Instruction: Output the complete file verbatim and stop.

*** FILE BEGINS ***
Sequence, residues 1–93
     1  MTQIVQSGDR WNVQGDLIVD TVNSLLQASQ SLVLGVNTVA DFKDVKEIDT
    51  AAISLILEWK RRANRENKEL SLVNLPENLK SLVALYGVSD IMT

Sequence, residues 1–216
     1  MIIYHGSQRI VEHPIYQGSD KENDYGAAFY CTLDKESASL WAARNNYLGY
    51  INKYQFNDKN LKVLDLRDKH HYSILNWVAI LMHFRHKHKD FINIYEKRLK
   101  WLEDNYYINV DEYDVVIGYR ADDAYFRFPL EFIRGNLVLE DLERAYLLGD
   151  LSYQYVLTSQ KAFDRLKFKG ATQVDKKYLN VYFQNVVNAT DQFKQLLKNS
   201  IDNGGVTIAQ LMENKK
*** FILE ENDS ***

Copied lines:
Sequence, residues 1–93
     1  MTQIVQSGDR WNVQGDLIVD TVNSLLQASQ SLVLGVNTVA DFKDVKEIDT
    51  AAISLILEWK RRANRENKEL SLVNLPENLK SLVALYGVSD IMT

Sequence, residues 1–216
     1  MIIYHGSQRI VEHPIYQGSD KENDYGAAFY CTLDKESASL WAARNNYLGY
    51  INKYQFNDKN LKVLDLRDKH HYSILNWVAI LMHFRHKHKD FINIYEKRLK
   101  WLEDNYYINV DEYDVVIGYR ADDAYFRFPL EFIRGNLVLE DLERAYLLGD
   151  LSYQYVLTSQ KAFDRLKFKG ATQVDKKYLN VYFQNVVNAT DQFKQLLKNS
   201  IDNGGVTIAQ LMENKK